Joanna Sherman thought she’d made a terrible mistake.
It was the early 2000s and Sherman had just moved her retail store Pink Bee out of its former location on Augusta Road to a new spot in the West End of downtown Greenville.
Back then, Fluor Field did not exist. Liberty Bridge was just a drawing on a set of blueprints.
Sherman’s building wasn’t much to look at either. Just a few weeks earlier, it had been occupied by squatters. On the day she arrived to begin the renovation process, it was sleeting and snowing, the sky a dismal grey and she had to step carefully over the torn-up sidewalk.
“I thought to myself, ‘Oh my gosh, what have I done?’” Sherman recalled. “But somehow, all these years later, it all worked out, didn’t it?”
Whenever she strolls through the West End today, Sherman marvels at what she calls the “pulse of constant activity.”
“I remember when we first opened, people kept asking, ‘What are you thinking putting a high-end retail store down here? Why not further down on Main Street or Augusta Road?’” – Jeni Cain, owner Monkee’s of the West End
“I’m not really sure how to explain how I feel when I’m there now,” said Sherman, who sold Pink Bee in 2020 but still lives in downtown. “I’m proud and happy, but most importantly, it’s just so rewarding to see the vitality of what’s going on there.”
Sherman and others, including Greenville Mayor Knox White, credit that vitality to a cohort of business owners, led predominantly by women, who managed to create a unique district based upon organic relationships with their customers and one another.
“It wasn’t like the city ever had some master plan,” White said. “West End seemed to have always taken care of itself, some good personalities and people who really created a foothold downtown.”
“Before there was baseball, they were there,” he added.
West End is now home to a diverse array of business owners, addressing an equally-diverse customer base. Want some ice cream, cake or pie? Visit Old Europe pastry shop. Looking for a dentist appointment in a spa setting? There’s Bijou Dental Sap. Itching to kill zombies in 360-degree virtual reality? Check out Wantec VR arcade. Or just hankering for some fried chicken, beer, pasta and Mexican food all in the same location that also happens to be dog-friendly? Look no further than Gather GVL.
Not to mention, idyllic summer nights at Fluor Field.
But in the early days of the West End’s transformation two decades ago, retailers like Sherman — and their mostly-female customer base — paved the way for today’s business scene.
Jeni Cain first started stocking clothing at Monkee’s of the West End in 2006. She became manager in 2008 and full owner in 2015.
“I remember when we first opened, people kept asking, ‘What are you thinking putting a high-end retail store down here? Why not further down on Main Street or Augusta Road?’” Cain said.
But that relative isolation bred a unique culture, Cain said.
“It became a unique place because of women who created a culture around us, a culture of wanting to help people out and breed positivity,” she said. “It’s kind of like that scene in ‘Miracle on 31st Street’ where they say, ‘If we don’t have what you’re looking for, we’ll find it for you.’ I saw that literally happen countless times among the different store owners who sent customers my way and vice versa.”
The customers kept coming and gradually the West End earned a reputation as a retail shopping destination, a walkable string of stores that operated under a mindset that a rising tide lifts all ships.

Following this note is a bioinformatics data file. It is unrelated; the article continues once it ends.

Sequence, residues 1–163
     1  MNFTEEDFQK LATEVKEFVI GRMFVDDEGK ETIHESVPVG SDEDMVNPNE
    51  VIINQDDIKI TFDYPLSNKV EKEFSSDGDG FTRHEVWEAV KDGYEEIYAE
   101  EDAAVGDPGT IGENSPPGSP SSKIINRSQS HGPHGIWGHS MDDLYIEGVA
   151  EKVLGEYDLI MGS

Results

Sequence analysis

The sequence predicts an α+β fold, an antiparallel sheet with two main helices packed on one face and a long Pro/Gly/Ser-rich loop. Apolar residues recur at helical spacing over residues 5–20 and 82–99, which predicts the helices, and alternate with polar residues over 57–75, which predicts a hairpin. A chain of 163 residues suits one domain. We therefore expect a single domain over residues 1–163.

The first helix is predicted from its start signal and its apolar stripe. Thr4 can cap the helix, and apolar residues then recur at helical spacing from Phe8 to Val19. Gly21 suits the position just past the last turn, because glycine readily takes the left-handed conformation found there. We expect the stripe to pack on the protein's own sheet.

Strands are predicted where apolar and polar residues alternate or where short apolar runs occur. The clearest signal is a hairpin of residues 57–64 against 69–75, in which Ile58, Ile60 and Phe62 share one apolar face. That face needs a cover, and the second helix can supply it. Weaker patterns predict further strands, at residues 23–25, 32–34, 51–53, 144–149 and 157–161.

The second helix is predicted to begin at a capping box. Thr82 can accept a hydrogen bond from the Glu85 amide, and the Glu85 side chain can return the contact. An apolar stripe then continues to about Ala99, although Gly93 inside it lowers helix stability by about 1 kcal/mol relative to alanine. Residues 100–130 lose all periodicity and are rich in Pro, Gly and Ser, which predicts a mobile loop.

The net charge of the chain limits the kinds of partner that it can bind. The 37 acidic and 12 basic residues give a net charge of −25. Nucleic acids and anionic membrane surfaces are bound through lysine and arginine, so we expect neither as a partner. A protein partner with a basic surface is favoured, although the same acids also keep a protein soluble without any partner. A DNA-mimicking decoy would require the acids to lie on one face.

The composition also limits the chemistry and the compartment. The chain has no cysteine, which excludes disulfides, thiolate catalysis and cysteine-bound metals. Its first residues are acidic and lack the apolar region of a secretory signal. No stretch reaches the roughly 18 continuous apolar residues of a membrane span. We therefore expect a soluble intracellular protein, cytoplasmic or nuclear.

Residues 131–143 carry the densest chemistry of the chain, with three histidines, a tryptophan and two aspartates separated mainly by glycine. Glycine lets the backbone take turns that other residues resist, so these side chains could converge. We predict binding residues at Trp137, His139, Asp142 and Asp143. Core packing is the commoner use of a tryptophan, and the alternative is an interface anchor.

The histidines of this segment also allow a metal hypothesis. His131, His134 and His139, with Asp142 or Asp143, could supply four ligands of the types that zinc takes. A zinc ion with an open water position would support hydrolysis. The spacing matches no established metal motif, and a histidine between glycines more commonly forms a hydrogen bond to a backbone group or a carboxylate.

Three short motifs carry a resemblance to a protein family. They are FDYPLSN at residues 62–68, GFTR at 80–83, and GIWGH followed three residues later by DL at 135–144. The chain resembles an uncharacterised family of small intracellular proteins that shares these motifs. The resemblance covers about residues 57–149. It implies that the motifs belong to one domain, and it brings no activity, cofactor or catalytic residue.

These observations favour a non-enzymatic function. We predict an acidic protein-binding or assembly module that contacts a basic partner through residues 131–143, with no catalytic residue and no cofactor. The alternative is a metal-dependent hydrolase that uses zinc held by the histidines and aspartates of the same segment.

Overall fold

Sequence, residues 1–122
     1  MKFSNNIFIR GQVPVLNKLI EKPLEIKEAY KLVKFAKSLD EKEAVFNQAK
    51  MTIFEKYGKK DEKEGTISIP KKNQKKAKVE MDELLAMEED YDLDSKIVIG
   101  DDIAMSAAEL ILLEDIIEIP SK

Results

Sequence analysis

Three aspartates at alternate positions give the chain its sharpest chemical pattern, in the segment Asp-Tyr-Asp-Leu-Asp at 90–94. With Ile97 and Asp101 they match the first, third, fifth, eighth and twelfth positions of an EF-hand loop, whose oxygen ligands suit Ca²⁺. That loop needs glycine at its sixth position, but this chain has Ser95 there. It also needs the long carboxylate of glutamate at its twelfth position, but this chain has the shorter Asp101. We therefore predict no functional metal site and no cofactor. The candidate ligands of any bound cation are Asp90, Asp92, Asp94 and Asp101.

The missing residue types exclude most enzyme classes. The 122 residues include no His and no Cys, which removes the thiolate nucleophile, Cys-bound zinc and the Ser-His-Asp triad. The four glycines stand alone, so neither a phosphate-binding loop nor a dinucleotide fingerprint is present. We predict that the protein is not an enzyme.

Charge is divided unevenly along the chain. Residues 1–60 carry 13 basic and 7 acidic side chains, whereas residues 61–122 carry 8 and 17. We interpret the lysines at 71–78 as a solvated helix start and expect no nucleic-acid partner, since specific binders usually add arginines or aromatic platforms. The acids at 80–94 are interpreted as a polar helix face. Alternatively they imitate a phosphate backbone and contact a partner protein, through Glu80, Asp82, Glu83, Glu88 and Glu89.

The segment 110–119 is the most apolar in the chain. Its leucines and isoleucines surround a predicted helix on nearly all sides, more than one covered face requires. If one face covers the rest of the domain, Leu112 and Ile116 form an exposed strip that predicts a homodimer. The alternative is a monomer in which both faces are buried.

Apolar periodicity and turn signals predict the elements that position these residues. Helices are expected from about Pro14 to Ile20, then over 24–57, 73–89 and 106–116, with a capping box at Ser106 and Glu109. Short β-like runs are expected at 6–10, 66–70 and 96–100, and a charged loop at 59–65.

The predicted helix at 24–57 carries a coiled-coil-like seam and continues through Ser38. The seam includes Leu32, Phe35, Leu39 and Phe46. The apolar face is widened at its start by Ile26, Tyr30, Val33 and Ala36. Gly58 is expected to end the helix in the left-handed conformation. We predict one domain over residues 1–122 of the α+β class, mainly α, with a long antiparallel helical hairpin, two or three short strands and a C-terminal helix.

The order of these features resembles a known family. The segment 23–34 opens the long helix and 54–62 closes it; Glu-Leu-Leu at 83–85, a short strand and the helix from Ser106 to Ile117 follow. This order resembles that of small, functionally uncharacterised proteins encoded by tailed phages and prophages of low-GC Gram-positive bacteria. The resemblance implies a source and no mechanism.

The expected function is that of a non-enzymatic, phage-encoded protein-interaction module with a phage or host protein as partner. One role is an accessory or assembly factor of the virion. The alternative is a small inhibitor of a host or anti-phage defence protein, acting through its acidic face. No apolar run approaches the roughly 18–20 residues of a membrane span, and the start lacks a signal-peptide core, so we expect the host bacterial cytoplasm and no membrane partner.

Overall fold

Monkee’s has just expanded its store with a renovation and is busier than ever, Cain said.
Greenville Real Estate Development Manager Mary Douglas Hirsch said it was hard not to notice that trend of West End business owners banding together. Beyond formal groups like the West End Business Association, the glue that held the district together was mostly old fashioned one-on-one relationships.
“Each part of downtown has its own unique character,” Hirsch said. “I think in the case of the West End, if you’re talking arts or business, they realized early on that they could have more impact if they pulled some of their resources together.”
When it comes to the arts, South Carolina Children’s Theatre Executive Director Debbie Bell said that sense of community has been a buoy to the theatre’s growth as well. Originally occupying the former transit authority building on Augusta Street in the early 2000s, the theatre was a lonely bulwark of artistry amid an otherwise desolate surrounding. This autumn, the theatre will open its brand-new building to the public after a year of COVID-related delays, just across the street from the crowds at Fluor Field and Gather GVL.
Bell said even the theatre building itself would not have existed without the support of yet another woman in the West End, Josephine Cureton, who donated her old property and home to be used as the site of the theatre.
“Through her kindness, that started everything,” Bell said. “I think we’re all tremendously supportive of each other. It’s a wonderful little nook here that I’m excited to see grow in the future.”
Gradually, the future of that growth will pass on to a new generation of business owners, like Leigh Ann Miller, who took ownership of the Pink Bee from Sherman last year.
“They’re definitely big shoes to step into,” Miller said, noting that she felt as if she were taking over “a double legacy” — that of the shop itself and the women who made the West End what it is today.
“In a way it was lucky that Greenville had that group of women who independently decided to make West End home, but I think it says a lot about their gumption and dedication to try something in an unproven area,” Miller said. “I’m just happy to be a part of where it goes next.”